Recognizing that there are policy reasons that necessitate the immediate appellate review of certain non-final orders, Congress has provided for interlocutory review of three specific types of case. Under 28 U.S.C. § 1292(a), the courts of appeals are granted jurisdiction over: (1) Interlocutory orders . . granting, continuing, modifying, refusing or dissolving injunctions, or refusing to dissolve or modify injunctions, except where a direct review may be had in the Supreme Court; (2) Interlocutory orders appointing receivers, or refusing to wind up receiverships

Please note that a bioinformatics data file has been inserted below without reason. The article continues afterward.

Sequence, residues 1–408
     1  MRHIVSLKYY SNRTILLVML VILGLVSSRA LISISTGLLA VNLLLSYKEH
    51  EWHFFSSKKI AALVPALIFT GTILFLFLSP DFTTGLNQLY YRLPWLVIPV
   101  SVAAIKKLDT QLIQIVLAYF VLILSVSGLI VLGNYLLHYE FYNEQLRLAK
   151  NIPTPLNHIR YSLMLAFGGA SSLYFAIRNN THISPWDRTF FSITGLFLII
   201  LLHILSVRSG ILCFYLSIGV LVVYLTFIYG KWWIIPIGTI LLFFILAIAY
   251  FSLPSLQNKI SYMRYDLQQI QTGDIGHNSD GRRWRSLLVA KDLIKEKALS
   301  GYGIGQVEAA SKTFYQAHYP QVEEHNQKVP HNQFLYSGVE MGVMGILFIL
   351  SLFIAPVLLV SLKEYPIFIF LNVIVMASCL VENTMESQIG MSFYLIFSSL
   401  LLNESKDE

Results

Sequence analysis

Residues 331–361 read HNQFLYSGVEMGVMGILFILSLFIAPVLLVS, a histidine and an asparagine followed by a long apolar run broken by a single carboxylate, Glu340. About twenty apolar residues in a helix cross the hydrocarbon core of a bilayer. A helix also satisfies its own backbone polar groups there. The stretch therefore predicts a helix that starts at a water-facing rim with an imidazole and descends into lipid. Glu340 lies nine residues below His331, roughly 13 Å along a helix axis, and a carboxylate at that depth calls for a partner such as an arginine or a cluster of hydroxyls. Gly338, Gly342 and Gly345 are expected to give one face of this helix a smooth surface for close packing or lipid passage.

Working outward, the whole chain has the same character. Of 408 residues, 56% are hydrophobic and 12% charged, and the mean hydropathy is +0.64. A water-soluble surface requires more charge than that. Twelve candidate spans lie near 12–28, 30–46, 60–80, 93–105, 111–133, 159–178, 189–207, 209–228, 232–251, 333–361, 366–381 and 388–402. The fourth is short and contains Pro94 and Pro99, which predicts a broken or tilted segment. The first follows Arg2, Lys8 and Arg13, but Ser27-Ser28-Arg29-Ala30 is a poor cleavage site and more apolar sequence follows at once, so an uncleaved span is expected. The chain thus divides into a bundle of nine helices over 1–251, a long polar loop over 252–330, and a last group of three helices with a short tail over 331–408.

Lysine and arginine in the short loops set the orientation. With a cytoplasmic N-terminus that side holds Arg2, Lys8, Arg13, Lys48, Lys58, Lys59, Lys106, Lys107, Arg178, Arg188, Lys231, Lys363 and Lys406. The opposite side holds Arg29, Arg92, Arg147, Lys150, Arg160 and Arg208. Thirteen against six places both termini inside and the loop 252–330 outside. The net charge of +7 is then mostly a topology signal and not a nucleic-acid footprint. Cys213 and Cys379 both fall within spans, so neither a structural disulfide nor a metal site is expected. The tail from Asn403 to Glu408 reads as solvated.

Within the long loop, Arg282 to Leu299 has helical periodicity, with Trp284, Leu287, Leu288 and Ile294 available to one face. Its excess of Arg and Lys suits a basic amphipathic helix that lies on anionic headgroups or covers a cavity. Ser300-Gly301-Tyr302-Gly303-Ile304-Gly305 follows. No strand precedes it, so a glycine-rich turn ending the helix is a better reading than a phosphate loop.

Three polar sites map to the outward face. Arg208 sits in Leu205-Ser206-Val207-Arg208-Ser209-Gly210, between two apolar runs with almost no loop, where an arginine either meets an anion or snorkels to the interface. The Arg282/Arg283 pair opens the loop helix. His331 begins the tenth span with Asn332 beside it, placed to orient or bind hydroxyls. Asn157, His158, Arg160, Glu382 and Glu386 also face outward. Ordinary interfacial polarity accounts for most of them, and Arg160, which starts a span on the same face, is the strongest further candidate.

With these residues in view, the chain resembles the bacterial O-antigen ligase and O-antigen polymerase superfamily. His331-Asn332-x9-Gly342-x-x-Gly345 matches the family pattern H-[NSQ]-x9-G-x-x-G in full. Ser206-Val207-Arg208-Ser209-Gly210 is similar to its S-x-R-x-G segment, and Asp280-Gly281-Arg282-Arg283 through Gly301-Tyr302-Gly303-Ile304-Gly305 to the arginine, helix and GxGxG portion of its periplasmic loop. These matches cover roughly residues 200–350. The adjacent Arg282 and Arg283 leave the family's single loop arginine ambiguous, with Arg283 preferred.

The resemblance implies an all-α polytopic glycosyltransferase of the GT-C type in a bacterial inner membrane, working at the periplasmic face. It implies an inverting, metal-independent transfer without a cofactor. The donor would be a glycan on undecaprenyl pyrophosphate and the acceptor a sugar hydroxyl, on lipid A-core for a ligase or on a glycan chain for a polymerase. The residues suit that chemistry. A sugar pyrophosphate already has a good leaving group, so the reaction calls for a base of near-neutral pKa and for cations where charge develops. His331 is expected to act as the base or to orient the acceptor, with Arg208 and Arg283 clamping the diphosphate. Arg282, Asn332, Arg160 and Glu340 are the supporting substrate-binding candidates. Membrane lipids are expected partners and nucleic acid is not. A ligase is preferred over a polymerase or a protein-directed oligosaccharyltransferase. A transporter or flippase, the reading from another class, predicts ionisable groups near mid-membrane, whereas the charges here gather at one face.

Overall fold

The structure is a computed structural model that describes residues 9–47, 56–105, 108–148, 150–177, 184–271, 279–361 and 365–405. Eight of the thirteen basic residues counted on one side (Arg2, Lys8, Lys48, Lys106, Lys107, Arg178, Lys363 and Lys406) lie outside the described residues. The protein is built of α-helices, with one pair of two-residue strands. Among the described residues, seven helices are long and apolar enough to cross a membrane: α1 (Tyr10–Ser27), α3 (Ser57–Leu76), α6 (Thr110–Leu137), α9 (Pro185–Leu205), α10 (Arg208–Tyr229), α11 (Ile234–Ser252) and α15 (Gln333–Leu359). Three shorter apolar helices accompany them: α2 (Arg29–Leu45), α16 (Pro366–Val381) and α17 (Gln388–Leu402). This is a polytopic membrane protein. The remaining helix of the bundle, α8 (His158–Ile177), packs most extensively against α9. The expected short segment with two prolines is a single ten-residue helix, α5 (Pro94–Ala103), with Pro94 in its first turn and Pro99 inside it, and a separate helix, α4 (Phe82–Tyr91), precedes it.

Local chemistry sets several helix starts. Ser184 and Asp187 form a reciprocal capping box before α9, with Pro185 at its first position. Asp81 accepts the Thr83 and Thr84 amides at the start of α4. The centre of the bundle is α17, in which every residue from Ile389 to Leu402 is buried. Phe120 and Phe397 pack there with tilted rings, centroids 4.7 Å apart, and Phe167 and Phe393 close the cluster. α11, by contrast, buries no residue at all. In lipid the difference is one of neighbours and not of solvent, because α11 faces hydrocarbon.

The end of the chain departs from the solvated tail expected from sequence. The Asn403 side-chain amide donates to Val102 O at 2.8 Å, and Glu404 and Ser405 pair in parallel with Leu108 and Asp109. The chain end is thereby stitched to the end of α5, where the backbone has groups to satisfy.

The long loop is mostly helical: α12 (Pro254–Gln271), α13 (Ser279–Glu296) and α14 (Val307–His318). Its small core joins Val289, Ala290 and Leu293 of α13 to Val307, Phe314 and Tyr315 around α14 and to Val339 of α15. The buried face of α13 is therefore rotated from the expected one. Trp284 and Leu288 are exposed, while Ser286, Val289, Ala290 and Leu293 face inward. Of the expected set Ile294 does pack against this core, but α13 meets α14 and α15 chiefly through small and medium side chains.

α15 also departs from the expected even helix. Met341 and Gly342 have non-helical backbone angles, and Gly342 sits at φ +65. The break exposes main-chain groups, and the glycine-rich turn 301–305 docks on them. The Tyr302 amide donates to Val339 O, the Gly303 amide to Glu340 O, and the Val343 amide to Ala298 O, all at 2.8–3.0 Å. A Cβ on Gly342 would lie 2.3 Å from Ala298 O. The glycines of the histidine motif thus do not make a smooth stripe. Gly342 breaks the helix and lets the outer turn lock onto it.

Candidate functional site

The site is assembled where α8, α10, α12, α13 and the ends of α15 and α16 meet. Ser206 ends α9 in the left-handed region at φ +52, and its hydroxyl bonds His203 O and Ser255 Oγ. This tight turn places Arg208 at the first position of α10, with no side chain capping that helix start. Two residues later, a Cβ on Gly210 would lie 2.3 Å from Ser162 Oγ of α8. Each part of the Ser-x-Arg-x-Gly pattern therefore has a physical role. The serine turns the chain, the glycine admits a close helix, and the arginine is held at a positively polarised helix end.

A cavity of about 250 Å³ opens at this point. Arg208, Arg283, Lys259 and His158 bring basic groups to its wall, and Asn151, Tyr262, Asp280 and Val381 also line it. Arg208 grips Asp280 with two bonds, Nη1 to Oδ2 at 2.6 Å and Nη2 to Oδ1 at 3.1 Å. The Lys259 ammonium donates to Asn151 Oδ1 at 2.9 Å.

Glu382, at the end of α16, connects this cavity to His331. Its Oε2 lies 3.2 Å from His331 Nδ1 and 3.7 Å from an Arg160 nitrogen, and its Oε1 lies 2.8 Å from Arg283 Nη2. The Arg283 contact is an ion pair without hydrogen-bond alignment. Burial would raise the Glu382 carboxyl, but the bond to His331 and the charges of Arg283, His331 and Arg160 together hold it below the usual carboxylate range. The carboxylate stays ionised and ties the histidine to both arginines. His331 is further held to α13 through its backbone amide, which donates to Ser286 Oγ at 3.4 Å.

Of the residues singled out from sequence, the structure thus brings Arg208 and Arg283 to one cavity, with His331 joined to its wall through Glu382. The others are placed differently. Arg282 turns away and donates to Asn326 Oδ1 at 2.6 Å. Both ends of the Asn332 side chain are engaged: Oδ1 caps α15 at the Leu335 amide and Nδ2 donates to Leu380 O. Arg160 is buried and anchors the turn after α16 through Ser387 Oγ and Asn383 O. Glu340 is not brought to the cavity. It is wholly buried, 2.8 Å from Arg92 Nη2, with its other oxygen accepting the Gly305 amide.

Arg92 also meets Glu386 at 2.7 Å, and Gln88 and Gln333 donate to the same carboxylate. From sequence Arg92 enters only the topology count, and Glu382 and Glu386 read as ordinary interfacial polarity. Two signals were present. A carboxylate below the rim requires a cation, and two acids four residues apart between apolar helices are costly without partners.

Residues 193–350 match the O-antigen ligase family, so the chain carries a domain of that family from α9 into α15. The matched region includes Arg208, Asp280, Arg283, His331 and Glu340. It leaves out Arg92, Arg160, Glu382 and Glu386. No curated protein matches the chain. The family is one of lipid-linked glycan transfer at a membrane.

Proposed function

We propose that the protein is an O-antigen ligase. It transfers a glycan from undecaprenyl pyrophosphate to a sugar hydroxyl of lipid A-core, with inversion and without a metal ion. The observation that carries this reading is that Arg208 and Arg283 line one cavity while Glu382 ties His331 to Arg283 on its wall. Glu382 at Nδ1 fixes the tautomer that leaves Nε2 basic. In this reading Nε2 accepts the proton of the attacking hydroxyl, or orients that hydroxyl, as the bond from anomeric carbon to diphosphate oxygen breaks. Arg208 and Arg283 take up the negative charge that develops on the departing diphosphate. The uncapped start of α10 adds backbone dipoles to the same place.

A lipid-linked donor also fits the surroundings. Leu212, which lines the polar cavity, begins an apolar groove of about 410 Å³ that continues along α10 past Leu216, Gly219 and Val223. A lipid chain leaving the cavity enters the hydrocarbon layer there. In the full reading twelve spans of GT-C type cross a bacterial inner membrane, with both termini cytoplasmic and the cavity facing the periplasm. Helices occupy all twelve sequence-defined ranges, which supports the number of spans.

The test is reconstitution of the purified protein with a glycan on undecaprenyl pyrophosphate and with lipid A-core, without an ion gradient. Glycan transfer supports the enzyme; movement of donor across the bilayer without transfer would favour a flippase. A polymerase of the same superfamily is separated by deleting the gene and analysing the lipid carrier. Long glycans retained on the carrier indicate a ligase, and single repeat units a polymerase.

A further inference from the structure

or to take steps to accomplish the purposes thereof, such as directing sales or other disposals of property; (3) Interlocutory decrees . .. determining the rights and liabilities of the parties to admiralty cases in which appeals from final decrees are allowed. 28 U.S.C. § 1292(a). Section 1292(a) is used most frequently in cases involving injunctions. For purposes of § 1292(a)(1), the Third Circuit has defined an "injunction" as an order directed to a party, enforceable by contempt, and designed to accord or protect, in more than a temporary fashion, some or all of the substantive relief sought by a complaint. Casey v. Planned Parenthood of Southeastern Pennsylvania, 14 F.3d 848, 854 (3d Cir. 1994); see also United States v. Santtini, 963 F.2d 585, 590 (3d Cir. 1992); Cohen v. Board of Trustees, 867 F.2d 1455, 1465 n.9 (3d Cir. 1989) (in banc); American Motorists Inc. v. LevelorLorentzen, Inc., 879 F.2d 1165, 1172 (3d Cir. 1989). Orders granting or refusing preliminary relief are only appealable if they are based on the merits of the case. See Rodgers v. U.S. Steel Corp., 541 F.2d 365, 373 (3d Cir. 1976); see also Hershey Foods Corp. v. Hershey Creamery Co., 945 F.2d 1272 (3d Cir. 1991) Th is sounds like you are appealing an interlocatory order and need a TRO/ injunction here to stop dismissal during appeal.